The fight to win women voters in November intensified on Wednesday, when Senate Republicans blocked legislation that sought to close the gender wage gap.

The Democratic-sponsored Paycheck Fairness Act fell to Republican opposition in a 53 to 44 procedural vote. Sixty votes were needed to advance the bill. The pay equity bill would have prevented employer retaliation against employees who share salary details; forced companies to provide pay information when requested; and allowed women who experienced pay discrimination to seek punitive damages.

Democrats have been campaigning to reenergize female voters around their claim that Republicans are engaging in a war on women. The bill’s sponsor, Sen. Barbara Mikulski of Maryland, said one of the best ways to help the economy is to provide women equal pay for the same job performed by men.

“Though we lost the vote we refuse to lose the battle,” she said.

Women make 77 cents for every dollar earned by men in 2012, according to the U.S. Census Bureau -- a gap Democrats say costs women and their families $434,000 over the average career.

"When you are paid less it affects not only your paycheck you take home,” Mikulski said. “It affects your retirement. This is not fair.”

Republicans counter that the measure is unnecessary since there are already laws against discrimination. They’ve also said the measure is an invitation for lawsuits and have dismissed it as nothing but a political tool as the midterm elections inch closer.

The Republican National Committee issued a memo this week stating that all Republicans support equal pay for equal work. However, it said real solutions are needed to address workplace discrimination. These solutions, according to the RNC, should focus on job creation and opportunity for women.

“The truth is the ‘Paycheck Fairness Act’ is a desperate political ploy,” the memo read. “And Democrats are cynically betting that Americans aren’t smart enough to know better. They’re forgetting the millions of women who belong to the Republican Party who will speak out. They’re missing the fathers, husbands, and sons who believe that women deserve real solutions.”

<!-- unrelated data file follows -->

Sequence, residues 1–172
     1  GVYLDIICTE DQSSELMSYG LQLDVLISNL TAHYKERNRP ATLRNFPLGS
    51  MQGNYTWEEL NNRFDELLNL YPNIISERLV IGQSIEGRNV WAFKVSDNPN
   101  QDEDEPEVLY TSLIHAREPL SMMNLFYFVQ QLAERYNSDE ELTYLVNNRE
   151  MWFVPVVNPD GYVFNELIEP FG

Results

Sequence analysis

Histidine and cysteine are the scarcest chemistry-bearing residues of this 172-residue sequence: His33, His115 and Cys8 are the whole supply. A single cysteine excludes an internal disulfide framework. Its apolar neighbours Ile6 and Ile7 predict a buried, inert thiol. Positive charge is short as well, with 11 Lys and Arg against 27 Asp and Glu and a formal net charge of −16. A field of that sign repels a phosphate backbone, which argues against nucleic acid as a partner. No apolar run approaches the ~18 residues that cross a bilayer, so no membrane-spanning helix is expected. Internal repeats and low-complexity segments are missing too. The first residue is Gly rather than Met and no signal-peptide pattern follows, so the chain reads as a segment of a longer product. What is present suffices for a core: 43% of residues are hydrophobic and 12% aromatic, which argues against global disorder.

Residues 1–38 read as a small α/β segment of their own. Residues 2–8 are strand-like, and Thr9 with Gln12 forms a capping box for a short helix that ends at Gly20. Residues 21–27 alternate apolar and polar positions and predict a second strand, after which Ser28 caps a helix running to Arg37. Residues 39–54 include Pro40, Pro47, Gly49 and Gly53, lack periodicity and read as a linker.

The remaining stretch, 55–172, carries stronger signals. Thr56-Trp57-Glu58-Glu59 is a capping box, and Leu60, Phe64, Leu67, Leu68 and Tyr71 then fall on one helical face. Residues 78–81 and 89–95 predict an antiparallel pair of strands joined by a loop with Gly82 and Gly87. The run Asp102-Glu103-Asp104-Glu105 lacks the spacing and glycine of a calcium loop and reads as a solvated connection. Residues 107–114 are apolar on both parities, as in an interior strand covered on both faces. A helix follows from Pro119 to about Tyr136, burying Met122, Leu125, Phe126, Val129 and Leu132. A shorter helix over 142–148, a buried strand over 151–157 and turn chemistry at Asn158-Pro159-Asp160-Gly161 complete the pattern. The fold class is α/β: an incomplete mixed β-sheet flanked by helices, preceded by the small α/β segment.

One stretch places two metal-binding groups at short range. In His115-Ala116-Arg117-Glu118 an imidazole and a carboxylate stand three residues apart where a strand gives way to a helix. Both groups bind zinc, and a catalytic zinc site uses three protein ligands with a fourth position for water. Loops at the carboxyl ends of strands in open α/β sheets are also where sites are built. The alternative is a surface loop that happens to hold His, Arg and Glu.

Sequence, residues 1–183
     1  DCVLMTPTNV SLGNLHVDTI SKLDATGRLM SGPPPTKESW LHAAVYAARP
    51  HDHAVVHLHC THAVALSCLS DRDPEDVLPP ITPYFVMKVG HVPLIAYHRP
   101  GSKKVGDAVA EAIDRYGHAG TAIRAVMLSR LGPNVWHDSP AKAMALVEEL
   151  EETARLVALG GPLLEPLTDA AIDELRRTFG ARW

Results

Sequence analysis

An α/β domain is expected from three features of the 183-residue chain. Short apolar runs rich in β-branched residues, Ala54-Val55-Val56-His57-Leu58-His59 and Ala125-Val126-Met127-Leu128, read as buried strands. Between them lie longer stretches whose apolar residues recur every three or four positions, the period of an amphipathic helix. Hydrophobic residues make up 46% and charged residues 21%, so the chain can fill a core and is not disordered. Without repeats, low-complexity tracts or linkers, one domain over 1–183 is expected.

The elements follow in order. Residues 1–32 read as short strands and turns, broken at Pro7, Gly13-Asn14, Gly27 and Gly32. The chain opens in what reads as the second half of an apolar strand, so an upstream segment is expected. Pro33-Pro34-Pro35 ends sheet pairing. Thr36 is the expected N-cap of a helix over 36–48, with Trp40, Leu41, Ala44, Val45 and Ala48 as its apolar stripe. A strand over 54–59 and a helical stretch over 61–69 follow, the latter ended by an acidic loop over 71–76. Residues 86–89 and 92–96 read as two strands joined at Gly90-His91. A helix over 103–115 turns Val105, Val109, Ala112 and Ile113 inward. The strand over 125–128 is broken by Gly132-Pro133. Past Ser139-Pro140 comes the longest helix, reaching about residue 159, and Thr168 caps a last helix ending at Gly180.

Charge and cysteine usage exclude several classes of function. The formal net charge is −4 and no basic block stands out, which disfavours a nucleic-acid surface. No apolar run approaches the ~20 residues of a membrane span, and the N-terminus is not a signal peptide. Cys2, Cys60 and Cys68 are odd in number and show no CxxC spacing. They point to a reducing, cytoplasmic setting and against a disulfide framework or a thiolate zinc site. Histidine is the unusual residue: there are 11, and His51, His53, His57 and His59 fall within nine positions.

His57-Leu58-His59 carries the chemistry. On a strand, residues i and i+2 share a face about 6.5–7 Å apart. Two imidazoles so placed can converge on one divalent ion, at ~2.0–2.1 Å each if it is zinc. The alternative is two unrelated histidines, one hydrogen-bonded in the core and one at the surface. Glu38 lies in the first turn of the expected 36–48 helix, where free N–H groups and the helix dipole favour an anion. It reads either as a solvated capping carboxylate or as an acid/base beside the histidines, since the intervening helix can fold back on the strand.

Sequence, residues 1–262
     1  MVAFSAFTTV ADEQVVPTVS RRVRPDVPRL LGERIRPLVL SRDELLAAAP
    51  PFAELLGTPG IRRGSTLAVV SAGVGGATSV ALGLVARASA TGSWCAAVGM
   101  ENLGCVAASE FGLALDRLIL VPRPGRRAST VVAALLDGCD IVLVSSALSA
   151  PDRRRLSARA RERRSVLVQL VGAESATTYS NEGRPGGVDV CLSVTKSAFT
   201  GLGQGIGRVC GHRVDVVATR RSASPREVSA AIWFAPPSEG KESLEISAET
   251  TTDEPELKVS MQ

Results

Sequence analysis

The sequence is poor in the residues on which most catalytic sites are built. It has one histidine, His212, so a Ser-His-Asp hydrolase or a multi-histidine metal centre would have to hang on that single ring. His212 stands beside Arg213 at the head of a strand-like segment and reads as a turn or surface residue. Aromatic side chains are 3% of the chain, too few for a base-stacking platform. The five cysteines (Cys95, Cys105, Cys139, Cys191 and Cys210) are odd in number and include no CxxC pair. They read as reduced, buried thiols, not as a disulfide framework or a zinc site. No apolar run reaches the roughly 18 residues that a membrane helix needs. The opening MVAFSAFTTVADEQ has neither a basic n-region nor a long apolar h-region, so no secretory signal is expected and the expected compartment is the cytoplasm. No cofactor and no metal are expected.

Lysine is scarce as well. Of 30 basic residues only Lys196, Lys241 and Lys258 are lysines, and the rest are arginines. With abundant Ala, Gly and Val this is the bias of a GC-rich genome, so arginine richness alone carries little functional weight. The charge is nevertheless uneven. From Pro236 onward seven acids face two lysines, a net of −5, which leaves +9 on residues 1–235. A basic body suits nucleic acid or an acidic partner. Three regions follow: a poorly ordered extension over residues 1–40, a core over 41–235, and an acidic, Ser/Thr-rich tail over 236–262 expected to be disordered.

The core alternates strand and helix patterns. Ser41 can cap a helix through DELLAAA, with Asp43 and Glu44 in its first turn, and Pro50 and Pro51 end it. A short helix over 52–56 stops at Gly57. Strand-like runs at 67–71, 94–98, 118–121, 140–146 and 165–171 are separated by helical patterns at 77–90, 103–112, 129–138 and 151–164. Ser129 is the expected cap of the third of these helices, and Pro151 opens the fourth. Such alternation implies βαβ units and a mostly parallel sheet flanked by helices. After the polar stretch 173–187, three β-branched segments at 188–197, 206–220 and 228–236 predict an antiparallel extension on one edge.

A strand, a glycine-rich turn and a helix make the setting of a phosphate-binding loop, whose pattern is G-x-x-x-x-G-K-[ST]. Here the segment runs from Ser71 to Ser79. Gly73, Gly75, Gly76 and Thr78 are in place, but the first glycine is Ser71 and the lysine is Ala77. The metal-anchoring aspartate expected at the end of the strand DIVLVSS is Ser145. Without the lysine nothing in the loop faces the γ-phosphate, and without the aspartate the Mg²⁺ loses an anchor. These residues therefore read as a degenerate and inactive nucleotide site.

Republicans in the Senate offered an alternative to prevent retaliation against employees. That amendment would also reinforce the current laws that ban discrimination based on gender, and provide skills training for women and men to grasp opportunities in industries where they are underrepresented.

Similar pay-equity bills have twice failed in the past with the most recent roadblock occurring in 2012. This year, the stakes appear greater.

Where President Barack Obama has in the past called for equal pay for equal work, he has now put action behind his words. Obama signed two executive orders on Tuesday to narrow the men-women wage gap. One order prohibits federal contractors from retaliating against employees who share information about their compensation. The other requires them to provide the government with data on salaries paid to employees.

Experts are still uncertain whether the vote on the bill will hurt Republicans chances for a Senate win in November.

Kelly Dittmar, an assistant research professor at the Center for American Women and Politics at Rutgers University, said Republicans have been finding it a challenge to speak to issues that are most important for women and that standing in the way of the Paycheck Fairness Act was not a good impression for the party to give.

Republicans, however, have an ideological defense when it comes to the specifics of the pay equity legislation. Dittmar said that Republicans can argue to voters about opposing the expanding role of government. Whether these arguments will work until November is far from certain.

“I’m not sure if it will hold out that long,” Dittmar said, “but it will at least be another piece that the Democrats use, I think, to say that Republicans are out of touch with women.”